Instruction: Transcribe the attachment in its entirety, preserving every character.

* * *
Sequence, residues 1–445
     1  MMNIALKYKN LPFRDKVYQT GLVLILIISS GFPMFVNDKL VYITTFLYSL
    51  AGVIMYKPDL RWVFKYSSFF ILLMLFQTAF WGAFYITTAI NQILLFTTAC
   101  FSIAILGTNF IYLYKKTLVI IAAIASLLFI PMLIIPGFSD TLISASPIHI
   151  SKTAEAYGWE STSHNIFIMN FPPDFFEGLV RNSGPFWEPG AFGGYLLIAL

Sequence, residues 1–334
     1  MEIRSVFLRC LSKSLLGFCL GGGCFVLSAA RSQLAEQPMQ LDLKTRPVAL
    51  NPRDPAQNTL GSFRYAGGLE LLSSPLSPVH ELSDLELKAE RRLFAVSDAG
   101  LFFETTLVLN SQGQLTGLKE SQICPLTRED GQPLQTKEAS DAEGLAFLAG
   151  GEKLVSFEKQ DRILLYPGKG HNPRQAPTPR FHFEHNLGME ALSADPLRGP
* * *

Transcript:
Sequence, residues 1–445
     1  MMNIALKYKN LPFRDKVYQT GLVLILIISS GFPMFVNDKL VYITTFLYSL
    51  AGVIMYKPDL RWVFKYSSFF ILLMLFQTAF WGAFYITTAI NQILLFTTAC
   101  FSIAILGTNF IYLYKKTLVI IAAIASLLFI PMLIIPGFSD TLISASPIHI
   151  SKTAEAYGWE STSHNIFIMN FPPDFFEGLV RNSGPFWEPG AFGGYLLIAL

Sequence, residues 1–334
     1  MEIRSVFLRC LSKSLLGFCL GGGCFVLSAA RSQLAEQPMQ LDLKTRPVAL
    51  NPRDPAQNTL GSFRYAGGLE LLSSPLSPVH ELSDLELKAE RRLFAVSDAG
   101  LFFETTLVLN SQGQLTGLKE SQICPLTRED GQPLQTKEAS DAEGLAFLAG
   151  GEKLVSFEKQ DRILLYPGKG HNPRQAPTPR FHFEHNLGME ALSADPLRGP